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Reading About Jobs People DoToday I want to share two books that describe “the adult world of jobs". Both of them were favorites in our house since daughter was about 3 until she was 7.
My daughter spent untold hours pouring over pages of What Do People Do All Day? by Richard Scarry both before and after she learned to read. Even though the book was written many years ago, it offers an entertaining glimpse into how everyday objects are created and how they travel to our homes. I read on Amazon that the version that we have is abridged, but, as the other reviewer said, you won’t notice it unless you knew the original – the book still has a wealth of information in an accessible form for very young children.
Smarty’s other favorite book was Things People Do by Anne Civardi. This book introduces an imaginary island of Banilla and its inhabitants explaining the role they play in the smooth functioning of their community. This book is wonderful for any community helper or jobs unit, since it continues to link characters together and shows how they all contribute to each other lives.
Supporting Your Children Interests
My only discontent with these two books that they did not introduce two occupations that interest my daughter intensely – an inventor and a scientist. We joke sometimes that she is about a century late, because her dream job is to have her own factory that will produce the things that she invents. Sometimes we have very interesting discussions about how she would run her factory, what divisions she would need to have and how she would reward her workers. It’s fascinating to see that she already understands the value of market research (some adults still believe in “build it and they’ll come” approach) and of testing her products before they come to the stores. What exactly her factory will produce remains to be a mystery. Recently Smarty sort of switched in her interests from her factory producing “mechanical gadgets” to becoming a neuroscientists and inventing something related to our senses of taste and smell. This is certainly an interesting (and dangerous!) area of research and we keep reiterating safety precautions (real scientists don’t taste their experiments) even though we didn’t have any incidents with that lately (well, she asked when she wanted to taste something that she was mixing up).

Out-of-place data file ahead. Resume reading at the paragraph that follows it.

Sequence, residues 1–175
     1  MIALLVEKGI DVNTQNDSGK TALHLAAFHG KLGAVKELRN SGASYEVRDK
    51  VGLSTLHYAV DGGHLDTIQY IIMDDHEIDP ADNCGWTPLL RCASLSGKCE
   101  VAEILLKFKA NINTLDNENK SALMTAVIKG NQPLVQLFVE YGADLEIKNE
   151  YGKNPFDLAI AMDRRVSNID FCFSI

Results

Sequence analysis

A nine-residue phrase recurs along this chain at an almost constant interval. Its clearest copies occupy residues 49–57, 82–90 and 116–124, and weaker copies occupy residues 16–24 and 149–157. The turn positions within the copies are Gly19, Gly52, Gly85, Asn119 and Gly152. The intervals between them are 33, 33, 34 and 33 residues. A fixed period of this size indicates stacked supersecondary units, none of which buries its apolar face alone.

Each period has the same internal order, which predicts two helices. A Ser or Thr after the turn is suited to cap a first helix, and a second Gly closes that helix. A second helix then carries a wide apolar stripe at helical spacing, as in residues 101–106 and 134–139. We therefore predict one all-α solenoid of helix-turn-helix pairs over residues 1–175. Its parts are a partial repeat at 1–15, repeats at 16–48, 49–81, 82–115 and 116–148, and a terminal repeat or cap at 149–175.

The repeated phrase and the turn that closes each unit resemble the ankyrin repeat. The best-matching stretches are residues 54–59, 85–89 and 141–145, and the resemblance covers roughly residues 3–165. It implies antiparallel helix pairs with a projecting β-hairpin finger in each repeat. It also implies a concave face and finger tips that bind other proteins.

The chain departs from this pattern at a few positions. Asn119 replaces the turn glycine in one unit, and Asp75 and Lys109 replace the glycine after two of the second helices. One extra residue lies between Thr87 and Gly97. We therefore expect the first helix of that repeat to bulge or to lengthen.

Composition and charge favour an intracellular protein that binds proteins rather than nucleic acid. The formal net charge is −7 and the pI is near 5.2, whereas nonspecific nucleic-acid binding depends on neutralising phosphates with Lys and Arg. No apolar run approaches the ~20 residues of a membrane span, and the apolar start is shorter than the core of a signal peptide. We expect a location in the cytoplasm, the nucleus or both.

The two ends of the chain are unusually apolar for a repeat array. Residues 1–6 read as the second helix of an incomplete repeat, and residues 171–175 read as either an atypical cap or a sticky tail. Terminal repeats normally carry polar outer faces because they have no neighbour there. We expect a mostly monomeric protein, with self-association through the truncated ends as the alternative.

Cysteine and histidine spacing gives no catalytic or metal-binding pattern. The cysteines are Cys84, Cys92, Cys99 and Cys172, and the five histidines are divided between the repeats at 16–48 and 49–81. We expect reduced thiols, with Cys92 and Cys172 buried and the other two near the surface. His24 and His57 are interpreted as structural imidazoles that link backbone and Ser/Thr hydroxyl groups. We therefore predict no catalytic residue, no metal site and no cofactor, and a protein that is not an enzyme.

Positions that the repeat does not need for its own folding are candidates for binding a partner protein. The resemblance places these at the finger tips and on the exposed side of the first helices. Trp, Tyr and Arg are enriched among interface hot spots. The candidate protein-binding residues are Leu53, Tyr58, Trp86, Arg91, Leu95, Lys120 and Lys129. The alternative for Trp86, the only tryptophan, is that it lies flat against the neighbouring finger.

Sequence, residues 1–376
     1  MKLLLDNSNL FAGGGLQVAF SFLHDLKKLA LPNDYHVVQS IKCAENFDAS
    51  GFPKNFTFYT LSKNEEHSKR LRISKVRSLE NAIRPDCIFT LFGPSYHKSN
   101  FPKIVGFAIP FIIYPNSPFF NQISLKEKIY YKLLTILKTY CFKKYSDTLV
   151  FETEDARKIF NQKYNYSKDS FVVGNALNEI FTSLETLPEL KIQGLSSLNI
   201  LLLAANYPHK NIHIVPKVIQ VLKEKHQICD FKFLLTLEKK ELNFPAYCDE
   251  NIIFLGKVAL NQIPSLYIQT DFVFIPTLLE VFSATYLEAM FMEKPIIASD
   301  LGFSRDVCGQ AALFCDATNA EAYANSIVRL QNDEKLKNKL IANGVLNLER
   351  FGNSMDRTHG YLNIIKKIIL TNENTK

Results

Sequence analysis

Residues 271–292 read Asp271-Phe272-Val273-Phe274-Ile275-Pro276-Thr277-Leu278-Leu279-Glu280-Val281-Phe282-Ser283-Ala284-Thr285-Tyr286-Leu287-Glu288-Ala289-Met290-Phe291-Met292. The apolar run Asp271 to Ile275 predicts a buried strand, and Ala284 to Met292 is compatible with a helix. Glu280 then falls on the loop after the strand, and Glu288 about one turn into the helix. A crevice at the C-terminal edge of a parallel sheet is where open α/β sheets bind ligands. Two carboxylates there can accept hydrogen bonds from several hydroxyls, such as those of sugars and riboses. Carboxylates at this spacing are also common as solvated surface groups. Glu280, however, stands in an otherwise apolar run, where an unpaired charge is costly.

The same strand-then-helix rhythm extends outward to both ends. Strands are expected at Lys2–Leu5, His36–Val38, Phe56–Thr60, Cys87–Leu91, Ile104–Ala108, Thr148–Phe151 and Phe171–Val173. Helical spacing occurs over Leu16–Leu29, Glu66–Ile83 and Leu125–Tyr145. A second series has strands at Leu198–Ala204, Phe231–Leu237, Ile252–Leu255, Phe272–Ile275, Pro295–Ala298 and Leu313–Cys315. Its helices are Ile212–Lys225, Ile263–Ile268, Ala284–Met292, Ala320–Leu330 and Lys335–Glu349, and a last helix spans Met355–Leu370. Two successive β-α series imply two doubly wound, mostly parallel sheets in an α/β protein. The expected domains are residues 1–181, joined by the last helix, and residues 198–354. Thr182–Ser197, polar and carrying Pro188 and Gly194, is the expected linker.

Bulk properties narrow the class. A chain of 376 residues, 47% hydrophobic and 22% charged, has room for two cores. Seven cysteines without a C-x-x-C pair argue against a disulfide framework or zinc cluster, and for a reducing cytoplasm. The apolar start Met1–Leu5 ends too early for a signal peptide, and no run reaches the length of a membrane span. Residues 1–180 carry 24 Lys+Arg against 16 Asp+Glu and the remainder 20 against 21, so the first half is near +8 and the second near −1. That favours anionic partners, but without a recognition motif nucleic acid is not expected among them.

We support Smarty’s interest in science and engineering in many ways:
- Making time for science experiments at home
- Selecting after school programs and camps that nurture future scientists, such as Camp Galileo
- Watching science videos
- Reading science books
- Going to Science museums and science programs in the library
- Talking about how science and technology changed our lives and how it might change them in the future.
Your TurnWho do your children want to be and how do you support their interest in this career path?
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